Not a multiplex

Somehow, the movies can still suck you in. Even in the age of Netflix, its darkened room is larger than life, and so are the special effects that attract the audience to a blockbuster. And even at home, people seek larger and larger screens. One enters before the beginning, at least in the director's imagination, and one stays to the very end. As for new media? I could tell you, but this is art, with an opening every minute, and I am already on my way somewhere else.

David Claerbout still wants to suck you in. You share the experience of workers for Shell Oil in Nigeria, and on a bad day you might, like them, have sought shelter from the rain. The camera moves, almost imperceptibly, from them to the water at their feet rippling with light, so that it seems to descend like a downpour from above. Behind that screen, in another projection, "a young man named Elvis Presley" stands in his boxer shorts, head thrown back and bottle in hand. Claerbout enters the room alongside him in a 1956 photograph, close enough to touch his beer belly. Apparently, well before the King became a film star past his prime, this teen idol was approachable and out of shape.

In both works, no one moves a muscle, for the Belgian artist creates each scene from found stills. Both works also begin at a distance, as if the video were itself only a still. Further on, his camera tracks endlessly past the columns of what, one learns, is the stadium constructed for the 1936 Berlin Olympics—and for the greater glory of the Reich. An actual still take one up close to a cornerstone, in all its rough solidity. Yet here, too, one is dealing with a digital recreation, this time from many images, emptying them of human life. The stadium looks vivid and new, but its brutal promise is, thankfully, long gone.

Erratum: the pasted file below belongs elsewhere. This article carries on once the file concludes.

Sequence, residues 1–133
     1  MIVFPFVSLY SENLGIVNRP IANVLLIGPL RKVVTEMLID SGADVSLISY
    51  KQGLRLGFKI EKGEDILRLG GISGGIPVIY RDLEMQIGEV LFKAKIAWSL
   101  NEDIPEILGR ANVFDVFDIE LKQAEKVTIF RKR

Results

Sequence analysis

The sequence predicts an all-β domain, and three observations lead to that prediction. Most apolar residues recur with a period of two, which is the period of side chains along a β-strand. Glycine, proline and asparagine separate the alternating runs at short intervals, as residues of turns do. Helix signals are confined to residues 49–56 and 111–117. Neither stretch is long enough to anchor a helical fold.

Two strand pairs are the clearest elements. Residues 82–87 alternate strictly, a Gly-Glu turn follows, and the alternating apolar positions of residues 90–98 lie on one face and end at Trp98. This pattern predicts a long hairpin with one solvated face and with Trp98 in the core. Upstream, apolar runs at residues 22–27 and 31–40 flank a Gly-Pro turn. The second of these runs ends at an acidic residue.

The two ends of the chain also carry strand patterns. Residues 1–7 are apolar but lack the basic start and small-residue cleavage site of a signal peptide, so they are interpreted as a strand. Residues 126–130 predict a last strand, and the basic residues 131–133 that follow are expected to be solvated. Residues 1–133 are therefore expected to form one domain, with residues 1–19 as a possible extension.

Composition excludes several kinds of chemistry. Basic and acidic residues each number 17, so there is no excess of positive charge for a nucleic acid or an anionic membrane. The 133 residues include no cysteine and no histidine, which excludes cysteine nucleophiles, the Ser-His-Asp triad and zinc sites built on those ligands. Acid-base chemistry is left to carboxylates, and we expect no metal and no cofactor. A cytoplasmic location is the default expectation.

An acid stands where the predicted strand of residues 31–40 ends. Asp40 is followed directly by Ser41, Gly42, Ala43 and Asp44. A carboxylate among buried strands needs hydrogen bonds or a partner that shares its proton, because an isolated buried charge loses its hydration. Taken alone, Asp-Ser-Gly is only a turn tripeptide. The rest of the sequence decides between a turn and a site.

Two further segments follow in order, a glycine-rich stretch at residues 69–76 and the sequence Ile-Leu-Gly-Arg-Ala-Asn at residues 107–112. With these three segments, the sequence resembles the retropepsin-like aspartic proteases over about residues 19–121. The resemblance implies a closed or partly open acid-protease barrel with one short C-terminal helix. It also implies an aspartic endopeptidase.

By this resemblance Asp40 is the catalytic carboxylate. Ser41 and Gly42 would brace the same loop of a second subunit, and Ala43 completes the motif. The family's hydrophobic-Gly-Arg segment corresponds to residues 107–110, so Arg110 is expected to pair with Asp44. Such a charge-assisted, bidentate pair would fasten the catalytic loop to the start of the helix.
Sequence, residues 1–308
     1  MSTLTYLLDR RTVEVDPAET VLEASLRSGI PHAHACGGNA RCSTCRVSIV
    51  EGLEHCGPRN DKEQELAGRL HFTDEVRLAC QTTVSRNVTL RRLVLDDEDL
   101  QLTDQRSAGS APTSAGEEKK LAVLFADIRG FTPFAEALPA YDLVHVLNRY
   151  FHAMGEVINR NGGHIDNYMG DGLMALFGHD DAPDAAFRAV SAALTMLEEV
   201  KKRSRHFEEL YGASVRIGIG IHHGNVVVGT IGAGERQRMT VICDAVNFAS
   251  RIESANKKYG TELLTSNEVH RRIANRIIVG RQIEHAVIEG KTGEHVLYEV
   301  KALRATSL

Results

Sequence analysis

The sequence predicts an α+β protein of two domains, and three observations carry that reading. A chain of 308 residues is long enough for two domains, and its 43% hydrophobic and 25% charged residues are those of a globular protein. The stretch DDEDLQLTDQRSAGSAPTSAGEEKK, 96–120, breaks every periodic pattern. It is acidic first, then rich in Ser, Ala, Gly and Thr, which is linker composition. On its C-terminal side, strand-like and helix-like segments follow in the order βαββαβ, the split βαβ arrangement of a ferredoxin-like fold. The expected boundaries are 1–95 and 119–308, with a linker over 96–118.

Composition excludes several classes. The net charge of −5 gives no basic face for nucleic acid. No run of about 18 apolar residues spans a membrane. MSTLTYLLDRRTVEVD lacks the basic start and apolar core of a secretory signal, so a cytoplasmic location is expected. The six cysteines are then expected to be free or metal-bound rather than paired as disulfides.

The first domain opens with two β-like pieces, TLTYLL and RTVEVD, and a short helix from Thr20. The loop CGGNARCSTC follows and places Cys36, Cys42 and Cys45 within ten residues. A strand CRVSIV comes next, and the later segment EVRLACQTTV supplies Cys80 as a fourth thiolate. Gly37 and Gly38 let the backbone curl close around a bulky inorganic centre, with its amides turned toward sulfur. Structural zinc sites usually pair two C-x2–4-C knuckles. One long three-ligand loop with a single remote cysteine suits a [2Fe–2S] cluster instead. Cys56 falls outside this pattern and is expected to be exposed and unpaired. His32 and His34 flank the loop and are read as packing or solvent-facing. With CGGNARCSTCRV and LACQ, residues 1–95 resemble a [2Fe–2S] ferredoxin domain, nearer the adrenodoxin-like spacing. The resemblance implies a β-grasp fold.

In treating these as a single installation, "LIGHT/WORK" immerses one still further, only to realize that this is not a multiplex. The tracking shot looks back to maybe the greatest manipulation of space and time in film history, by Orson Welles at the start of Touch of Evil. A sign up front instructs one not to enter until the next fifteen-minute showing, counting down the minutes (digitally, of course). No one, though, seemed to mind that I ignored it, and someone even thanked me on my way out. I had tried to behave, honest, killing time with the drawings spelling out his plans, but forget it. This is video, with a long love-hate history when it comes to the conventions of TV and the movies.

Nam June Paik reduced a TV set to a prop in performance, while Stan VanDerBeek reduced it to explosions of color, light, and sound. Bill Viola still aims for spectacle, but the only one immersed in fire and water is he. Laura Poitras captures the experience of torture or of drones overhead, but her political point depends on that experience as interactive, with the responsibility on you. Lizzie Fitch and Ryan Trecartin are back, with video snaking through actual trees, simulated rocks, and industrial trash as people in and out of costume dance and scream. They mean the experience to be scary, too, although maybe only for those scared to death of gen Xers and millennials. The New Museum called its 2015 triennial, which Trecartin also curated, "Surround Audience," but it had its own short attention span.

Claerbout believes in immersion for its own sake, even if the experience comes at second or third hand—the dilemma of what the International Center of Photography calls "Public, Private, Secret." This is not about working conditions in the Third World, pop music, fascism, or other particulars. An earlier video downstairs takes one from a park bench into deep woods, which then somehow become a rainforest, before tracking back out and into the sky. As it does, the forest becomes a mere grove, and the clearing becomes a human landscape crossed by suburbs and geometric plots. Accompanied by soothing music, Travel all but begs to end with a cheerful slogan and a commercial sponsor. Still, as sunlight comes to the darkness of the Amazon, one cannot escape the glow.

The black swan